Freeport is a far more influential force in the world than Sherritt, especially when its political activities and accomplishments are compared to the small investments Sherritt has made in domestic think tankers, a few elected federal politicians, and a handful of lawyers. While Sherritt’s political maneuvering has (usually) kept it off the infamous “Specially Designated Nationals” list of the Treasury Department, its three Moa subsidiaries are listed as SDNs and there has been no indication that Freeport, let alone, the old, but still kicking, Cuban emigres have become any less likely to forgo their claims to property expropriated by Castro. Still over half of Sherritt’s USD 1.3 billion assets in Cuba are directly subject to the 1960 claims, and even the newer undertakings are likely to be linked in someway by legal entrepreneurs capitalizing on a highly-politicized atmosphere.
However, speculation and interest in Freeport’s Cuba claims may be misplaced. Afterall, it wasn’t resource interests, but the farm lobby that successfully outmaneuvered congressional hardliners to create the first substantial cracks in the embargo. Moreover, at the time of its nationalization, Freeport’s activities in nickel mining were just as substantial as its extraction of the island’s ammonium sulfate (fertilizer). In 1994, the sulfur and fertilizer business was spun off and eventually became part of American fertilizer giant Mosaic (NYSE: MOS). According to OFAC, since at least 2005 Mosaic has been licensed to conduct activities in Cuba – though sanctions (and Sherritt’s operations) likely prevent them from engaging in the kind of activities Freeport conducted in the 1950s. Still, when Freeport dumped its less profitable fertilizer business in the ‘90s, it was unclear if their Cuba claims went with it. (Neither Freeport nor Mosaic would comment officially on any Cuba-related questions.)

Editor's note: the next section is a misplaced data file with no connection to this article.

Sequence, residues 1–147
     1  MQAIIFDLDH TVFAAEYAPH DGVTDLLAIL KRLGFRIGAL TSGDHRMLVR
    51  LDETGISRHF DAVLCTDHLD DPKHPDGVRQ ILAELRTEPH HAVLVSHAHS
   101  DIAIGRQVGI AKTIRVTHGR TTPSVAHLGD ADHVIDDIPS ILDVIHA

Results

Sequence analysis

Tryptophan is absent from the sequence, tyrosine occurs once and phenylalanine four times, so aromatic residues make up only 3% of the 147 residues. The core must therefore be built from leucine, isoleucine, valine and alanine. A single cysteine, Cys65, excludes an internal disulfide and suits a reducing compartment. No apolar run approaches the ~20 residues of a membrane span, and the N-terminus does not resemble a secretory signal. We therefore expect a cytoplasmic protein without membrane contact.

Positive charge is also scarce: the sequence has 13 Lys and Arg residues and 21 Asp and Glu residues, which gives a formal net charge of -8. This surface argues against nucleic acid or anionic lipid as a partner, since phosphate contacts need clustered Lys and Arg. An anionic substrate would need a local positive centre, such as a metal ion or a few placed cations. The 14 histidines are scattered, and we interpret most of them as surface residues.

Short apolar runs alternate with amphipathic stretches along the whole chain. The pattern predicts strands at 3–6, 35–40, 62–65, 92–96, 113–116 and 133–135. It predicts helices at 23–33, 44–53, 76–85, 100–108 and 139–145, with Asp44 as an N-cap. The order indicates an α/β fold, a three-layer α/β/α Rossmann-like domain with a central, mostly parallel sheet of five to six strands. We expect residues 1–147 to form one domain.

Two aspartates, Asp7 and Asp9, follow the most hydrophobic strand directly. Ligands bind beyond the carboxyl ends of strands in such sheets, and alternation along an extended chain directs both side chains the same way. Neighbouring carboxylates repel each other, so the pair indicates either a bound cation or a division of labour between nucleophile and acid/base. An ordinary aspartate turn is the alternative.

[continued in part 2]
Nick Slepko has no position in any company mentioned here at the time of publication. The Motley Fool owns shares of Freeport-McMoRan Copper & Gold. Try any of our Foolish newsletter services free for 30 days. We Fools may not all hold the same opinions, but we all believe that considering a diverse range of insights makes us better investors. The Motley Fool has a disclosure policy.If you have questions about this post or the Fool’s blog network, click here for information.